Sunday, July 3, 2011

Ratatat -touille

Ratatouille... that delight-filled french veggie stew. What a great way to get those important servings of veggies in your tummy. The smell of sensual summer veggie roasting intoxication, wafting off the stove, and up your nose it goes!

The most important ingredient in a ratatouille, imho, is that you make homemade roasted red peppers to go in it. I know you can buy 'em in a jar, but they just don't compare.

It's easy to roast peppers, here's how:

Get your hands on some nice ripe red ones, deep red, not wimpy pale ones. Getting them in season from a farmer's market is pretty important. Hopefully you have a gas stove (if not I feel sorry for you and just oven roast or broil them). Turn on the flame and lay the peppers directly on it to slowly blacken them bit by bit. You must stay in the kitchen while doing this, otherwise it's unsafe. Once blackened mostly all over, pop them in a brown paper bag, seal and let them steam in their own sauna for a little while.

Once cooled down a bit, pull them out whole and gently scrape off the peel and remove seeds and pith. Leave in their natural state of pulled apart sections or slice. Soak in a nice bath (you always bath after a sauna, right?) of really top notch extra virgin olive oil & good sea salt (I use celtic). They will keep in the fridge for several days.

Mine kept long enough for me to use today to make ratatouille for a bbq. We have to take a dish and a story to go with it. My story will be about rats... But at least my ratatouille won't taste like 'em!

Basic ingredients for ratatouille are:
extra virgin olive oil
fresh garlic and basil
eggplant and tomatoes
zuchinni (I use a mixture of green and yellow and cut them into different shapes for each color just coz it looks good).
roasted peppers (red are best, but yellows are nice too)

and I added red onions and portabellos to mine today.

Hope you are having a lovely storybook dish of your own today...
I'm off to a barbie!!!

Wednesday, August 18, 2010

A pot roast healing

I decided the other day to have it out with this pot roast thing. I still didn't get it. What the heck is a pot roast? Having not grown up with them, their mystique has eluded this little aussie through her many years of state-side-um. Well, I decided to just go for it! I was going to have a pot roast healing or ....well old leftovers!

I dusted off the slow cooker that lives on top of the fridge... and ...well just so you know, I'm not a reskipee person, which is why I call them reskipees... I skip around recipes. Basically, here's what I threw in the pot:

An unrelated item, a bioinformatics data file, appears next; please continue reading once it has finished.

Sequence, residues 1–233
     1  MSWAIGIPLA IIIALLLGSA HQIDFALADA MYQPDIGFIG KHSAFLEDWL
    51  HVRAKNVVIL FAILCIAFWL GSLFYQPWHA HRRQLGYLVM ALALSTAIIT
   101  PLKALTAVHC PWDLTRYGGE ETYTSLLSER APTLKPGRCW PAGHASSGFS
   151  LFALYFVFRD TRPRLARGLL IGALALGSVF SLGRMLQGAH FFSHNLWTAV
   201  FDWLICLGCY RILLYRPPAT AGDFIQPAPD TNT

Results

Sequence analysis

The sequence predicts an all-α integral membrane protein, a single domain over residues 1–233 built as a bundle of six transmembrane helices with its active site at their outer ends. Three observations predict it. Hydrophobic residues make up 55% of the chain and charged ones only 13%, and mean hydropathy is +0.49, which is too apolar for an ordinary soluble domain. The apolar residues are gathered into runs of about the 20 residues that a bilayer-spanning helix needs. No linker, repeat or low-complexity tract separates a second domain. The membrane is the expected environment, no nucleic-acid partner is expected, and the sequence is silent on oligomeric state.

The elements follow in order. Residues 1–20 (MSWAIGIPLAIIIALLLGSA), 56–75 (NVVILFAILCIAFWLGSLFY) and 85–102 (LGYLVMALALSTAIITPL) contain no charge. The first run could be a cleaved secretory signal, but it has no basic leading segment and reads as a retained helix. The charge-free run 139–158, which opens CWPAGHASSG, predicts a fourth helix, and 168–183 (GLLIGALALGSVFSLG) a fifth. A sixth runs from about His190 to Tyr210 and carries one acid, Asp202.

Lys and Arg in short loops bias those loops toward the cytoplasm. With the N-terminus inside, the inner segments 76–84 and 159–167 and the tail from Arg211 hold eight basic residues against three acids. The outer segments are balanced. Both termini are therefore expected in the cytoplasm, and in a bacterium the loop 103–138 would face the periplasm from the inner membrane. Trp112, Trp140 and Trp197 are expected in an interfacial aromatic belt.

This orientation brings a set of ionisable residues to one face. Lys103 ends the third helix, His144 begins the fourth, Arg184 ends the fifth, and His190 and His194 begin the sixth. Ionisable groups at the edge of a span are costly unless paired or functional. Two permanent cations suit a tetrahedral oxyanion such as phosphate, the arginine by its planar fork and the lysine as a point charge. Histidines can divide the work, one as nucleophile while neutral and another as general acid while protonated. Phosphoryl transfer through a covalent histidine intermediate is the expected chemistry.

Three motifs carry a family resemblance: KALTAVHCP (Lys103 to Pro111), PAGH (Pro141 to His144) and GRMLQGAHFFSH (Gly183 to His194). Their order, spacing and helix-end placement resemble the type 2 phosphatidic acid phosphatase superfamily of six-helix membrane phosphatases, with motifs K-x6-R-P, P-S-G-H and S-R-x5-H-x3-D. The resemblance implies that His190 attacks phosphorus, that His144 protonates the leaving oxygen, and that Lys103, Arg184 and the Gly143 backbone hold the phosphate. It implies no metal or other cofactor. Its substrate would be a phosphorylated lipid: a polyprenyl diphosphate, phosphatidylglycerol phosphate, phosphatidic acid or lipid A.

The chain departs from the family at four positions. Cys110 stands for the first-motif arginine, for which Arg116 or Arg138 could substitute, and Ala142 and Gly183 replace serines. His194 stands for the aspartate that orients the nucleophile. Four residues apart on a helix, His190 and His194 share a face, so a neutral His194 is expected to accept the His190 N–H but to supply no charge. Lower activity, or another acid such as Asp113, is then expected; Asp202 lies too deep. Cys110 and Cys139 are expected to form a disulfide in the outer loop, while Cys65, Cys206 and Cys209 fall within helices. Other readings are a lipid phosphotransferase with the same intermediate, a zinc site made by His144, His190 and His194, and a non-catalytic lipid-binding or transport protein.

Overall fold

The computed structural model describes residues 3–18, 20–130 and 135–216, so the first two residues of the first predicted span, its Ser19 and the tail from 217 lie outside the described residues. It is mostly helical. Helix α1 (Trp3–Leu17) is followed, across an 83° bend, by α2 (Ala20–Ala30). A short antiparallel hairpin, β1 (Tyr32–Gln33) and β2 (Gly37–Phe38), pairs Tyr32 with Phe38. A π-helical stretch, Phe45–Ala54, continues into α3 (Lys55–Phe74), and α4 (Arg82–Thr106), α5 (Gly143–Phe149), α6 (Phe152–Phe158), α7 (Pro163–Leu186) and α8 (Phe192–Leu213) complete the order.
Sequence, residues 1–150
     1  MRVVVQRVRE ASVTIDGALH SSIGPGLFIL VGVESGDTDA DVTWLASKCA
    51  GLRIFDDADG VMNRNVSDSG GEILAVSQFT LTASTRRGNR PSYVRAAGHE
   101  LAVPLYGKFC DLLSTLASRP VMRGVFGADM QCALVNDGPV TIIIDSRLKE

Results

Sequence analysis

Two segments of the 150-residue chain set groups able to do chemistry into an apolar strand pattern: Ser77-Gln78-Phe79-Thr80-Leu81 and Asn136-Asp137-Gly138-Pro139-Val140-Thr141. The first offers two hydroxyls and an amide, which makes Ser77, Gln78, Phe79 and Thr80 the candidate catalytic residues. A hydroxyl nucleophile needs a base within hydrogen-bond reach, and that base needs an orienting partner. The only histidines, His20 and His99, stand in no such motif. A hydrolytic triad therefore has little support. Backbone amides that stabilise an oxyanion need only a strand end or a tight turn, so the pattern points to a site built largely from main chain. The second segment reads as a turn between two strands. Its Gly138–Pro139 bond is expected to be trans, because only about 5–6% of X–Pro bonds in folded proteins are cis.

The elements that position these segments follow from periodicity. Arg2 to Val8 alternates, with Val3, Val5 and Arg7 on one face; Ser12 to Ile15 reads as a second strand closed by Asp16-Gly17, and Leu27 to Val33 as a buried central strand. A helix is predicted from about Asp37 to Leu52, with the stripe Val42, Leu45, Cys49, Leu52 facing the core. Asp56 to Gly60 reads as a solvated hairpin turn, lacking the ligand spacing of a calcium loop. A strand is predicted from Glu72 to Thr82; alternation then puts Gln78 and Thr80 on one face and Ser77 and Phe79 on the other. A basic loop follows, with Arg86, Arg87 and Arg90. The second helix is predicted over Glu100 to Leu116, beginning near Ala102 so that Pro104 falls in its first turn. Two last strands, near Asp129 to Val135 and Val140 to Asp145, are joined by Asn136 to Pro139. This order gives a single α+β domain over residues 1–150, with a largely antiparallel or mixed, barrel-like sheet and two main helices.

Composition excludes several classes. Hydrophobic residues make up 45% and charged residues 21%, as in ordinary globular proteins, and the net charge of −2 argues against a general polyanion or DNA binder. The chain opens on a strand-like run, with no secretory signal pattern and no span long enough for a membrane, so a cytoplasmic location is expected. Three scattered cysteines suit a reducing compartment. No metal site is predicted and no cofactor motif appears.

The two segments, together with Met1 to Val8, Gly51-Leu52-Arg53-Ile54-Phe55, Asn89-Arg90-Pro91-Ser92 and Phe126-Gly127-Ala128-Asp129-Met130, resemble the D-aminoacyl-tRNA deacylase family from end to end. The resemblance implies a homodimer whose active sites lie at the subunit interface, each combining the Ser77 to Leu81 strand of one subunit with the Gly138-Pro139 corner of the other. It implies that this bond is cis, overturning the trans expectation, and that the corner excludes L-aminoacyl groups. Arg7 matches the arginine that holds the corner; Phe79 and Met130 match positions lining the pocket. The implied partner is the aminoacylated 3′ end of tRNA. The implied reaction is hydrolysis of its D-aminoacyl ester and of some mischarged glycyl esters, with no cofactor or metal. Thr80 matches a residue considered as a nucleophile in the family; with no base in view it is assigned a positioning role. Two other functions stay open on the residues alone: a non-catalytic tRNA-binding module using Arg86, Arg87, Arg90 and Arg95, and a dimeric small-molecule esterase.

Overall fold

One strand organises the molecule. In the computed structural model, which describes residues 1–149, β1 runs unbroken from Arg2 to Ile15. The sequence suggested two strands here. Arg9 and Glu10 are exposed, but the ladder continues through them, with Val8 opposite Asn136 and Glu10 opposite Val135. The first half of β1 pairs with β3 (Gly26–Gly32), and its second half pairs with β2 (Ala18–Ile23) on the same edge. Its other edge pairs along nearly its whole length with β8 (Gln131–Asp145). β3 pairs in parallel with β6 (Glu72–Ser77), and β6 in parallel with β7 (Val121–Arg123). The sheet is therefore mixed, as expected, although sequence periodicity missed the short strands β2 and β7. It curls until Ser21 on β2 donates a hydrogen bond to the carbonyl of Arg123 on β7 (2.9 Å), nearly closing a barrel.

a 2lb grassfed chuck roast
2 big oak hill farms carrots
2 ribs of celery
1 whole star anise (just for fun)
1 lonely bay leaf
a hunk of organic ginger nob
sprigs of fresh parsley and flowering thyme from the garden
celtic sea salt & tons of black pepper
1 cup of cab sav (cheap stuff)
2 cups of my jaggy baby's chook broth (see my reskipee)

I cooked it on high for 3 hours, then low for several more. The first tasting was okay. The meat was very soft. Two and three days later, this dish became heaven in my mouth. Every bite felt like pure soul food and my body was calmly gloating as the meat melted in my mouth. The little hint of my naughtiness disguised as star anise was a bright surprise. Now I want you to have fun making your own version of a pot roast healing but, if you're not like me and want a real recipe, go to the or Those nice sheilahs' will do you right, I'm sure. They have all kinds of proper reskipees. And please don't be mad, but I think I mighta added a tiny bit of tomato sauce as well... sorry, I just can't remember! Please use your best judgement, responsibly...

Wednesday, July 21, 2010

How Jaggy Baby makes her Chook Broth

So many people have asked me what is bone broth and how do you make it...
It's bloody good old fashioned stock, that's what it is!

I learned how to make it from someone who adapted it from the book "Nourishing Traditions" by Sally Fallon (see my recommended book list)

Using bone broth has made a huge difference in my health. I've being using it for a while, but got extra serious about it after being diagnosed with an autoimmune illness. My doctor recommends I have 2 to 3 cups a day. Now I make it every week and consume it on a regular basis.

I have left in the local supermarket references for those who live in Sonoma County.

Using chicken backs and necks + feet is the best and cheapest... Feet make your broth really healthy as they are full of collogen and other minerals. Of course if you have access to chooks who have been running around in a paddock, they are the best... go for it!


All ingredients available at Sonoma Market ... however I would buy the carrots, parsley and onions from Paul's Produce at the farmers market....

In freezer section (ask Meat counter blokes or the sheilah (all one of her) if you can't find them)
I smaller size package chicken necks and backs
I smaller size package chicken feet
one whole organic chicken (take offal out of chicken, rinse and use)
Whole Foods often sell backs and necks, but not feet unfortunately.

Put these in a LARGE soup kettle with thick bottom, stainless steel, or enamalled cast iron, preferably. Gently bring to a simmer and scrap off scum that rises to the top.